There's nothing quite so European as a walled town. One such is Murten, small but centrally located, site of an historic battle, and home to one of Switzerland's great country hotels.
They don't seem to be building walls around cities much these days. A few hundred years ago nearly every European town had to have one to survive, but changes in weaponry made them obsolete dynamite and machine guns beat hot olive oil and rocks every time. The fact that only a few such fortresses remain intact makes those cities all the more interesting.
A well-preserved medieval Swiss town with its wall still standing is Murten (Morat, in French), located about 30 kilometers (19 miles) due west of Bern, on the southeast shore of Lake Murten, directly along the Swiss French/German language border.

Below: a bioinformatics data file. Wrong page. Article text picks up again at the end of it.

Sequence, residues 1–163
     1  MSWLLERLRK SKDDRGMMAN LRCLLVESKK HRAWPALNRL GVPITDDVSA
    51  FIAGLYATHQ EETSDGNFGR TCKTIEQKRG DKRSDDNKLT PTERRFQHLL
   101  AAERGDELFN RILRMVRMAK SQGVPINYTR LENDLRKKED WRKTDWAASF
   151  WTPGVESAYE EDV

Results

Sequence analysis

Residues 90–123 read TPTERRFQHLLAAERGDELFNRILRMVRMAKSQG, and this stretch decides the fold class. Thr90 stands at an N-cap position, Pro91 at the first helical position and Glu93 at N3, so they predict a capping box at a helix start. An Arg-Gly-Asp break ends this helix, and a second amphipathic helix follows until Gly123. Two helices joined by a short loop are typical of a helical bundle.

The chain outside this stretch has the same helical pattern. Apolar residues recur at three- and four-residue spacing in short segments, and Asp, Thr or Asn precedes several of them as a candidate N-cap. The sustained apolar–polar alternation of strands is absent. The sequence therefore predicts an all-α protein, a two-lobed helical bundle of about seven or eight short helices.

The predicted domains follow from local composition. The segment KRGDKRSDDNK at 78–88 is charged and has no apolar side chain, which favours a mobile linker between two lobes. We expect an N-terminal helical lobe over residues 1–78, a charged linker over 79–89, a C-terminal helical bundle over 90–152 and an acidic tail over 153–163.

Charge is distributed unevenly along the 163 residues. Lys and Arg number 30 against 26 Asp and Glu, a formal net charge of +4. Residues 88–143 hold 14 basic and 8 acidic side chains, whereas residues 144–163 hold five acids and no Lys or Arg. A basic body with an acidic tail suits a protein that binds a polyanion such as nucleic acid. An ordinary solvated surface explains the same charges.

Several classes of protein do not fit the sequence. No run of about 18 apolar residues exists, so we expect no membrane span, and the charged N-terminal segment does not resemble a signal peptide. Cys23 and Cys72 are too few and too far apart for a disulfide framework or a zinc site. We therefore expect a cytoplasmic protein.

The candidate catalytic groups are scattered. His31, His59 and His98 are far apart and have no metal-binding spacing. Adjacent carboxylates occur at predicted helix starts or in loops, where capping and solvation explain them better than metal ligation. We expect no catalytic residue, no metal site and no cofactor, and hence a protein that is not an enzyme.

The town was built by the Zhringens, one of the great feudal ruling families that emerged when the Holy Roman Empire started to lose its grip. Before giving way themselves to the Hapsburg dynasty, the Zhringens founded several walled towns in addition to Murten, including Freibourg, Bern, and Thun.
Murten is a destination worthy of the traveler's attention not only because of its still intact wall but also for its pleasant lakeside setting and because it is the site of one of the decisive battles in the country's history.